“The real concern of the Colorado River is the failure of the Lower Basin to account for its system delivery losses and the continued reliance of overflowing water deliveries by the Upper Basin during times of hydrologic plenty,” Mapel explained. “With economic stakes high, it is a risky gamble and a choice not considered sustainable in light of ongoing drought conditions.”
Droughts do tend to go in cycles. The multi-year Texas drought turned to flooding conditions in 2016. The fickle nature of the Colorado River and the need to store water in reservoirs during periodic wet periods was not lost on our forefathers. When there is abundant rainfall and the reservoirs are full, the infrastructure on the Colorado River may seem redundant but water managers rely on this stored water to make up the difference when the heavens don’t cooperate.
“Lake Powell is doing exactly what it was intended and designed to do,” said Marlon Duke, spokesperson for the Bureau of Reclamation’s Upper Colorado Region. “It is storing water for Upper Basin states and helping ensure the Upper Basin can meet its obligation deliveries to the Lower Basin without curtailing entitled use by Upper Basin water users.”
In the late 1990s, when Lake Powell and Lake Mead were both full to near capacity, environmental groups hoping to drain Lake Powell floated the notion that two large reservoirs on the Colorado River were redundant and unnecessary. They considered Lake Mead large enough to withstand a severe drought. They also claimed that keeping Lake Powell full could result in a catastrophic dam failure with significant loss of life and property downstream.
In retrospect, it was simply another self-serving attempt to drain Lake Powell and restore Glen Canyon.
“When the climate tables turned in the year 2000, the folly of this proposal became apparent,” Mapel said. “Thank goodness we had Lake Powell. Simply put, Lake Powell is a critical asset. It has kept Lake Mead from running empty and it also provides important regional recreational resources.”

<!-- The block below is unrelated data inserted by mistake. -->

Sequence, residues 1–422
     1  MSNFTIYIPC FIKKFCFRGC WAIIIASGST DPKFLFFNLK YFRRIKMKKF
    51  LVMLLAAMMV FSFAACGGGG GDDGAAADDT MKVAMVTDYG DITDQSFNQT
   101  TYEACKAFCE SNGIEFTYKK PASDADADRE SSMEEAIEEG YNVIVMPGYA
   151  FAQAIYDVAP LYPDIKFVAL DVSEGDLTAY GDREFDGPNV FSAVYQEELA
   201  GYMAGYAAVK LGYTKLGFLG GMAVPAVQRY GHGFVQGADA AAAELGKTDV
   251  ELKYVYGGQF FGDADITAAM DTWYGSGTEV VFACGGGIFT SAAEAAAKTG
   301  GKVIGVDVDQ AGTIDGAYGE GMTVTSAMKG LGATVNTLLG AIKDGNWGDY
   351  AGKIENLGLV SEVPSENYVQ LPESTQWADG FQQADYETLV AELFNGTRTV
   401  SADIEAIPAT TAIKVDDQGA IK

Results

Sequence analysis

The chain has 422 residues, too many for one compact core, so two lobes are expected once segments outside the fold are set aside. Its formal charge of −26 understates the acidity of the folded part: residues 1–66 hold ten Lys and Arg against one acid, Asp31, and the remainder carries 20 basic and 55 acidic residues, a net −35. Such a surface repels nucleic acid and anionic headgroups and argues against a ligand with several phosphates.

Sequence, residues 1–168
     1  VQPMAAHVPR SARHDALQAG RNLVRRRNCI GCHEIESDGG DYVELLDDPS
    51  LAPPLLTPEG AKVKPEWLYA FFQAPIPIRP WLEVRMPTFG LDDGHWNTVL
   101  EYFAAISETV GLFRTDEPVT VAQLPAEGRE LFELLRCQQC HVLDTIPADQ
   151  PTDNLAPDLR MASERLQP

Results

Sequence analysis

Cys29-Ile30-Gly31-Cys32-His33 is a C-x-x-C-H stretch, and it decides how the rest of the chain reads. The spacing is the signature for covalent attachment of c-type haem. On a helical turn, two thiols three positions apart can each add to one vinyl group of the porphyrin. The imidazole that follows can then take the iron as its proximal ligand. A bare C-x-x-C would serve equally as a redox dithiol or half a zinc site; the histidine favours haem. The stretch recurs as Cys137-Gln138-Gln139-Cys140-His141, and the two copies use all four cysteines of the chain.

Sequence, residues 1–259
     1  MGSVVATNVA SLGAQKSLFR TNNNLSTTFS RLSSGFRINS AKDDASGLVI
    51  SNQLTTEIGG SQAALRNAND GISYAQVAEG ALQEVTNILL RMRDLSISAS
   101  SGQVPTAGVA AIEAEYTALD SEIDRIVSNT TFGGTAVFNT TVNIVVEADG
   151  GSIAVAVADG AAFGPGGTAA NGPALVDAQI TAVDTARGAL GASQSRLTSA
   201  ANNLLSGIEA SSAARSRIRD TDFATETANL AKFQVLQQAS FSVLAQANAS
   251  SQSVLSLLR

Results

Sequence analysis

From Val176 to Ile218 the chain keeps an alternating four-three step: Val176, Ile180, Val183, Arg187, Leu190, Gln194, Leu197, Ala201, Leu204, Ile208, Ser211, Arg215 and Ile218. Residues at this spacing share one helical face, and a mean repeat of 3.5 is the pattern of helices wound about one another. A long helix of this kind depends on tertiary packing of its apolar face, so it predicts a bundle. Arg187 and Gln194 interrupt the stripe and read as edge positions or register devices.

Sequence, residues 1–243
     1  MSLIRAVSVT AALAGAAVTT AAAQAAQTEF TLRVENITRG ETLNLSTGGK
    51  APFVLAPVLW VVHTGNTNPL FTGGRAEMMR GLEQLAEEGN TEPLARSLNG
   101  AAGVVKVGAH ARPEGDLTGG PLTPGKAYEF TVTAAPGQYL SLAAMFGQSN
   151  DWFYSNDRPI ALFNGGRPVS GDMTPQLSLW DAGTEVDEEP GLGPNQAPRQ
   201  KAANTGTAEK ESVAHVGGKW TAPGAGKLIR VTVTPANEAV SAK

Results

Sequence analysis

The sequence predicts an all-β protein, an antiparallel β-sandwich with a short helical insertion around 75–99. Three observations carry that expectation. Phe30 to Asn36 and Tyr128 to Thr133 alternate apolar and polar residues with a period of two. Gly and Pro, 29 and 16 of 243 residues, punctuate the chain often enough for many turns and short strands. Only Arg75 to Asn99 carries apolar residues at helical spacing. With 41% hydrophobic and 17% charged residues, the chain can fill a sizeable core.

The notion to drain Lake Powell is a shallow idea that ignores important economic, political and resource consequences. According to officials at the Bureau of Reclamation, the loss of hydropower from Glen Canyon Dam would have a major negative impact to the western power grid and compromised rural electric rates. The revenue loss for the Upper Basin would, undermine repayment schedules for irrigation projects in the Upper Basin and reduce funding for salinity control efforts, improvements to aging irrigation systems and jeopardize existing endangered fish recovery programs.
Additionally, draining Lake Powell would destroy a thriving and important regional economic engine. Arguably the most scenic lake in America, Lake Powell attracts millions of people each year to its inviting waters, the scenic landscape, comfortable Colorado Plateau temperatures and an unbounded sense of adventure. Lake Powell is a world class experience that offers a multitude of experiences including recreational boating, exploration of 96 lush and scenic canyons, wakeboarding, kayaking, camping, photography and outstanding fishing opportunities whether on the lake or the downstream cold water, blue-ribbon trout fishery at Lees Ferry.